looking so sultry and beautiful on the Fillmore stage that night, girls.
And Ive never looked back. Till now.
But music changes, styles change and the world turns, as they say. I
now have a thirteen year old son. I remember the feelings I had back
in the year 1967 when new things and new desires came to me and I can
see it in my son. I can see that he wants to venture down that pathway
and jump into the whirlpool of life.
There is an upcoming concert event called "Summer Jam" this
summer at The Gorge Amphitheater in George, Washington, which features
a number of currently popular hip hop/rap artists. Specifically it headlines
an artist by name of 50 Cent, whose music my son happens to like. What
kind of name is 50 Cent, you ask? Well, what kind of name was The Jefferson
Airplane, The Grateful Dead, Moby Grape, Creedence Clearwater Revival,
Led Zeppelin? I remember seeing bands at The Fillmore with such diverse
and different names as Big Brother and the Holding Company, The Peanut
Butter Conspiracy, The Buffalo Springfield.
Anyway, my son asked me if he could go to the concert and I promptly
went and purchased tickets. This has turned into one of the more controversial
things I have ever done. Im not going to go into a long description
of who 50 Cent is. All of the local paper, television and radio stations
have taken care of that for me. If you have teenage kids or pay attention
to popular music then you probably know who he is.
Now, folks, let me say that I am not trying to sell tickets to Summer
Jam. But why am I letting my young, thirteen year old son go even though
several of his friends parents think I am either irresponsible
Well, when I was twelve years old my father took me to my first Happening.
That night I saw The Grateful Dead, The Jefferson Airplane and a band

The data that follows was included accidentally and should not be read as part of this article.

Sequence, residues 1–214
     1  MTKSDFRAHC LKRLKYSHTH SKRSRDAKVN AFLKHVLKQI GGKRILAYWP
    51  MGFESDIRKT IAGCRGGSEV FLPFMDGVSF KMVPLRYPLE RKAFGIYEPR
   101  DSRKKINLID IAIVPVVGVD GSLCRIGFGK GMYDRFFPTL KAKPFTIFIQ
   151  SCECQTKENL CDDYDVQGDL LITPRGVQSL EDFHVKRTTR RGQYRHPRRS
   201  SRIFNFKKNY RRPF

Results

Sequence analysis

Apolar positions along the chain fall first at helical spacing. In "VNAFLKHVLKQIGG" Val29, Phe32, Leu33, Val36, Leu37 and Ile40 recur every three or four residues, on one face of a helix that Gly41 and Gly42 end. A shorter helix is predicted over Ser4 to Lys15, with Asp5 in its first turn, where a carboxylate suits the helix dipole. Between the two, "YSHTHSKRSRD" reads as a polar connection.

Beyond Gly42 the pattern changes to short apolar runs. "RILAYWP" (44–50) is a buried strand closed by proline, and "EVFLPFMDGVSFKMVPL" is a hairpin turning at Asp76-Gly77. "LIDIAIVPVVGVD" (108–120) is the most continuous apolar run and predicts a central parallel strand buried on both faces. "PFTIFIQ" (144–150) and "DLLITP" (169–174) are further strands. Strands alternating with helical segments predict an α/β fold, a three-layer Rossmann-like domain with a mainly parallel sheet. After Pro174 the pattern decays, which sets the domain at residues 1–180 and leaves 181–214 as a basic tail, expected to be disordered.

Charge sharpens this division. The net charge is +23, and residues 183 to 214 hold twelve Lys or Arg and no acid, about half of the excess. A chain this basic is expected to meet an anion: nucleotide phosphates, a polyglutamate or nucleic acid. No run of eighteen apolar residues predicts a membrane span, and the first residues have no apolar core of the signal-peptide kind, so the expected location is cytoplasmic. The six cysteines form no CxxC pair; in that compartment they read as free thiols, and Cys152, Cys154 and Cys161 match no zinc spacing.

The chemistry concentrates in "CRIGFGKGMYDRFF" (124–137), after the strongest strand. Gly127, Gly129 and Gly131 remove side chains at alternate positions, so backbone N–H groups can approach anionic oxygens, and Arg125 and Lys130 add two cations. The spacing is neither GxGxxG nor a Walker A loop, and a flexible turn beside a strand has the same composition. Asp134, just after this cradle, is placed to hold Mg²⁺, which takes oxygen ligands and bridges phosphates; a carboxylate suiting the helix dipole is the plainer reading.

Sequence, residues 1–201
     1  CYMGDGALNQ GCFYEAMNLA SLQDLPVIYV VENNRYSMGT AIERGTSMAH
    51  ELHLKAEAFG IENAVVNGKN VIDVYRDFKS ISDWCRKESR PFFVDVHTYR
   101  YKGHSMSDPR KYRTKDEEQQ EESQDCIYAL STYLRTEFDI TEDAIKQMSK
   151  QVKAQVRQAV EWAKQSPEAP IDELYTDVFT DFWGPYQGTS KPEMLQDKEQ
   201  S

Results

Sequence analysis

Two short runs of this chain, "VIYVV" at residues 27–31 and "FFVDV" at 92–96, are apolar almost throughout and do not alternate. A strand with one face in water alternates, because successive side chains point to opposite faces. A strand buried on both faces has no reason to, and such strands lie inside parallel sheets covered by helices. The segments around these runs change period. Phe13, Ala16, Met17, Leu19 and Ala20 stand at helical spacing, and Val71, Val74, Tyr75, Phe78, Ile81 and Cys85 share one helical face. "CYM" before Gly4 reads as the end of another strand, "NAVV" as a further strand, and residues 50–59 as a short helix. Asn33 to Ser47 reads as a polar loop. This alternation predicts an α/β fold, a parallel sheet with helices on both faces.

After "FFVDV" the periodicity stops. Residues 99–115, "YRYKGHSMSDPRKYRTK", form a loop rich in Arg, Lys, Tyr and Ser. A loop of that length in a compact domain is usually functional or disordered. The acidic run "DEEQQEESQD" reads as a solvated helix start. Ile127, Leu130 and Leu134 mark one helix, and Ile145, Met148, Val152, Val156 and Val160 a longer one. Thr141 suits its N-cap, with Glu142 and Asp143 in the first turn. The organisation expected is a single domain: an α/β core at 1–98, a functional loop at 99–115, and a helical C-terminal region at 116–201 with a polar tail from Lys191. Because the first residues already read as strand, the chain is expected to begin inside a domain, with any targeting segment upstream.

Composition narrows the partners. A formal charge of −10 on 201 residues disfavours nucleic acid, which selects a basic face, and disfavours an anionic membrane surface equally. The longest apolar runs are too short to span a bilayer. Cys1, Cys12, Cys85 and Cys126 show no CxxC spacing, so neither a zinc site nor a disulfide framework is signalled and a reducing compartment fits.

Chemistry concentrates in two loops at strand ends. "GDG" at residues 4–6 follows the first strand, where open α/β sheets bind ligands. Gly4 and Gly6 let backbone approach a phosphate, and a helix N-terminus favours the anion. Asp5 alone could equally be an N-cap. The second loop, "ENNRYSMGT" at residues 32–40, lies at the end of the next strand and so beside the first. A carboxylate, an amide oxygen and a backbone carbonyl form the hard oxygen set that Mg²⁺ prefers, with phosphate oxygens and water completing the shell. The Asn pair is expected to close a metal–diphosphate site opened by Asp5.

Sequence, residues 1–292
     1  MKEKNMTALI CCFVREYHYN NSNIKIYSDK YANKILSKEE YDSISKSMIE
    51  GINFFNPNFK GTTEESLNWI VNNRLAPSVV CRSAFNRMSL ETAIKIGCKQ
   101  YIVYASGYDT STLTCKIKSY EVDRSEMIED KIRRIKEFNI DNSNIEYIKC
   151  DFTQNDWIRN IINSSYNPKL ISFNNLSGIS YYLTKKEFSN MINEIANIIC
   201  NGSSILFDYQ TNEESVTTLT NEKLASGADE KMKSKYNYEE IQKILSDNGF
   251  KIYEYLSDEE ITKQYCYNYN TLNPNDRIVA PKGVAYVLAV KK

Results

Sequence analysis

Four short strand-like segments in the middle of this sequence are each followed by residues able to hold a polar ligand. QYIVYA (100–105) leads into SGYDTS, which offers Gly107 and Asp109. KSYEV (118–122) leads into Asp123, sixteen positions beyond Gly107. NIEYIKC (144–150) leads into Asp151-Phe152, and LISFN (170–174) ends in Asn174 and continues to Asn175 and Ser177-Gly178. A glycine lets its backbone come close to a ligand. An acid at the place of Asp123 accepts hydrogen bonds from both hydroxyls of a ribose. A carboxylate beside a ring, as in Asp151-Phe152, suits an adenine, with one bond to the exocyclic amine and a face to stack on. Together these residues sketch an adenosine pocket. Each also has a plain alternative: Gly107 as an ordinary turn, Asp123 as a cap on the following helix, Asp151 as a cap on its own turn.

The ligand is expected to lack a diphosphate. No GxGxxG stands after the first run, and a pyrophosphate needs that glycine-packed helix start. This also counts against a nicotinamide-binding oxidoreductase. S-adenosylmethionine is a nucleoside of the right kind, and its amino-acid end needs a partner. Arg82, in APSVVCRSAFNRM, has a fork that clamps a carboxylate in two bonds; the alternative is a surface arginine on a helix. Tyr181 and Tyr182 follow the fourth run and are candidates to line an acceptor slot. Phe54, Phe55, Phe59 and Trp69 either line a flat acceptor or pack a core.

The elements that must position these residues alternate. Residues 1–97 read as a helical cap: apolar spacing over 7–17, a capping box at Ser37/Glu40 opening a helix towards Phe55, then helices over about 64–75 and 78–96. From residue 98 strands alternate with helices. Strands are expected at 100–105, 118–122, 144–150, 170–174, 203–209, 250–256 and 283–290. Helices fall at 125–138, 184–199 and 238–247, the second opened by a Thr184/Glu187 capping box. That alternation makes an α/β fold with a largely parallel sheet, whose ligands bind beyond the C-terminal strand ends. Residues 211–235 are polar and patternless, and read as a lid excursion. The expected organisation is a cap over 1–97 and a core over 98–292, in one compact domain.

called The Quicksilver Messenger Service. My life has been enriched
by that decision of his. At least I think so. Some great music came
from those years. Classic rock, as its called now. When I was
thirteen years old, I saw The Doors in L.A. You think 50 Cent is controversial?
What about Jim Morrison? When I was fourteen years old, in 1969, I went
to see Jimi Hendrix. Some of the recollections I have of seeing certain
bands back then constitute some of my best memories. If my father hadnt
taken me to The Fillmore Auditorium that night back in 1967, well, if
So what should I do? Should I not allow my son the opportunity to go
see a musical artist, in fact, several musical artists that he likes
as much as I liked Janis Joplin? Will I live to regret it? Is this a
mistake? Im not letting him go alone. I will be there with him.
I may not be a hip hop fan but I think he deserves the right to dig
the music of his day. I deserved that right when I was his age.
As parents we each have to make our own decisions regarding our children.
I certainly dont subscribe to some of the things other parents
let their kids do. Likewise many dont agree with my decision to
let my son go to the 50 Cent concert. This guy 50 Cent may not be the
musician that Hendrix was or the lyricist that Jim Morrison was or the
singer that Marty Balin of The Jefferson Airplane was. I agree. However,
he is what is popular today (whether that is much to my chagrin is beside
the point). I hope that someday, perhaps when he is in his thirties,
perhaps his forties, my son looks back with a nod of nostalgia and appreciation
for the fact that his father helped open the way to a pathway of music
appreciation and experience as I do. When I was twelve years old my
father took me to my first Happening.
© Jeffrey Beyl June 2003
and Jimi Hendrix
Jeffrey A Beyl
all rights reserved